Singer-songwriter Teddy Geiger came out as trans in October of 2017, but, outside of posting photos on social media, has been relatively quiet since her announcement. In a new interview with Joe Coscarelli of The New York Times, the teen heartthrob turned mega-songwriter opened up about coming out after her complicated romp with teenage fame.
“I was going through adolescence and having sex for the first time, but it was in this really weird context,” she told the Times. “I didn’t have a real support group.”
The 29-year-old revealed that she felt feminine since the age of 5, but didn’t know of any transgender people. “I can remember back to being five and looking in the mirror, feeling like a girl and wanting that,” she said. “But growing up in Rochester, there were limited resources. I’d never met a trans person before.” In fact, Geiger says she didn’t know transgender people really existed until she was in her twenties, when trans pop culture figures like Hari Nef and Teddy Quinlivan emerged.
Last week, the singer-songwriter released “I Was in a Cult,” her first song in more than 10 years, under the pseudonym “teddy<3.” Over the past decade, she’s kept busy writing hits for artists like Shawn Mendes (she co-wrote “Stitches,” “Mercy,” “Treat You Better,” and his most recent singles, “Lost in Japan” and “Youth”).
After writing with the now-19-year old singer for years, she showed up to write his latest album wearing women’s clothing. It wasn’t until three weeks in — without comments from anyone in the room — that she came out to Mendes and his team. She showed them a draft of her coming out Instagram post, and just like that, she was out to them — and to the world.
“She let it out, and she was just so happy — I can’t even describe it,” Mendes said of that moment. On recording her demo of “Stitches,” which reached #4 on the charts and accrued over 1 billion views on YouTube, he said, “She’s mesmerizing and just has a star quality to her. She was the person I was trying to sing like.”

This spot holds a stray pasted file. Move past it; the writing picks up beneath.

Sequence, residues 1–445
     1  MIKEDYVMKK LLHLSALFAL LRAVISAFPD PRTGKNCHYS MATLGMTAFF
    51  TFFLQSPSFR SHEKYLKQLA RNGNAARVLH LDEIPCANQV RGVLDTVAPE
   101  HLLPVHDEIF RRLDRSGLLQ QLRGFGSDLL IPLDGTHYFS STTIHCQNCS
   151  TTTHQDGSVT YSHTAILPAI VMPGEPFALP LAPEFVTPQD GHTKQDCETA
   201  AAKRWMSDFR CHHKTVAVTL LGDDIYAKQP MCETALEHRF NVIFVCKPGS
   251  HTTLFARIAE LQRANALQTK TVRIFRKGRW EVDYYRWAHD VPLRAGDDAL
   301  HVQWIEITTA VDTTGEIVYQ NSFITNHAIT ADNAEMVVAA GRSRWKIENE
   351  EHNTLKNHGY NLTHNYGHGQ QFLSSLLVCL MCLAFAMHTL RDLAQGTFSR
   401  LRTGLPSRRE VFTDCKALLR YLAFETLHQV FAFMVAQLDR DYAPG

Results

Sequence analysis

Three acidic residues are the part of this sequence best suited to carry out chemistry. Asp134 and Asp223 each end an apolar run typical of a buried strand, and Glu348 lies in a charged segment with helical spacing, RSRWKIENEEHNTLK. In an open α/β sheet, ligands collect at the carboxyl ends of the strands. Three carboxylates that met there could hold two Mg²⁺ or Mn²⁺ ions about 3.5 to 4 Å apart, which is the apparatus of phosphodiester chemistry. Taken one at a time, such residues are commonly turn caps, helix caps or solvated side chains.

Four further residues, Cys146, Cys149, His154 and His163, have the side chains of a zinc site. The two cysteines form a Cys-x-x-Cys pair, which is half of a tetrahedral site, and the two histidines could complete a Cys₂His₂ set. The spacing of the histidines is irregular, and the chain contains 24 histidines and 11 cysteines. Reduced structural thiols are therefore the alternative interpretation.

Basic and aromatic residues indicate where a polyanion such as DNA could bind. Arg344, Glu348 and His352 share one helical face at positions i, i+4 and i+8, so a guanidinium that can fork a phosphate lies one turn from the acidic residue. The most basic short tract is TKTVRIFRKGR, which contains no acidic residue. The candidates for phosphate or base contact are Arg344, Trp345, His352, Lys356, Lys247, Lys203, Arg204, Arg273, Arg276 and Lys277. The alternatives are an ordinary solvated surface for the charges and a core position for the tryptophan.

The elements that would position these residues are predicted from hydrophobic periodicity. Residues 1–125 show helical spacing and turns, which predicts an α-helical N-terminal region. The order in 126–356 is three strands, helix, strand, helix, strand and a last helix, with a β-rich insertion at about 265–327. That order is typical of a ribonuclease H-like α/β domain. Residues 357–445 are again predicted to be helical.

“It was the first time I ever saw her sober,” Mendes continued, reminiscing about their writing session in October. “She was like Teddy, but on steroids. There was this electricity running through her.”
“I just feel more open,” Geiger said of coming out, “because I’m willing to talk about everything now, people are then more open with me.” Unfortunately, her fears and anxieties pre-transition didn’t just affect her psyche — she revealed that she was wrought with anxiety and depression — but it also tampered with her songwriting.
“There’s no longer this piece of me back there saying, ‘Don’t go there.’ I used to find that I’d sing songs and think, ooh, it sounds like I’m talking about that stuff, and I don’t want to talk about that stuff,” Geiger said, “but it was just coming out.”
Geiger moved from New York back to California while she was beset with anxieties, which manifested in an extreme reliance on cigarettes and marijuana. She also recalls developing obsessive-compulsive habits, especially in the upkeep of her nails, which she started keeping pristine. “It was the only femininity that I was expressing, so I wanted it to be so perfect,” she said. “It was the only thing I could control.”
It wasn’t until September of last year that she finally attended a month-long therapy program to tackle her anxiety head-on and “get to the bottom of the gender thing.” Once she came back, everything was different — she threw out all her “boys clothes,” started wearing makeup, and turned her cigarette and weed fund into a reserve for new beauty supplies and studio gear.
Mendes recalls the first time he “unconsciously referred to Teddy as ‘she’ for the first time in the flow of conversation.” He said she stopped dead in her tracks and “looked at me with an overwhelming amount of happiness and joy beaming out of her eyes.”
He explained, “It was right then that everything really made sense to me. For everybody that ever questions why people may choose to transition, if they had a best friend or somebody they loved dearly look at them the way Teddy looked at me in that moment, they would no longer question it.”
Justin Tranter, a fellow songwriter and friend of Geiger’s, said, “To see that this trans person is an instrumental queen — one of the most technically talented people in the pop world — is a really amazing thing not just for our industry but for the world.”
He added, “For young LGBTQ people to know that a trans woman has co-written and produced some of the biggest hits of the last couple years is beyond inspiring and beyond important.”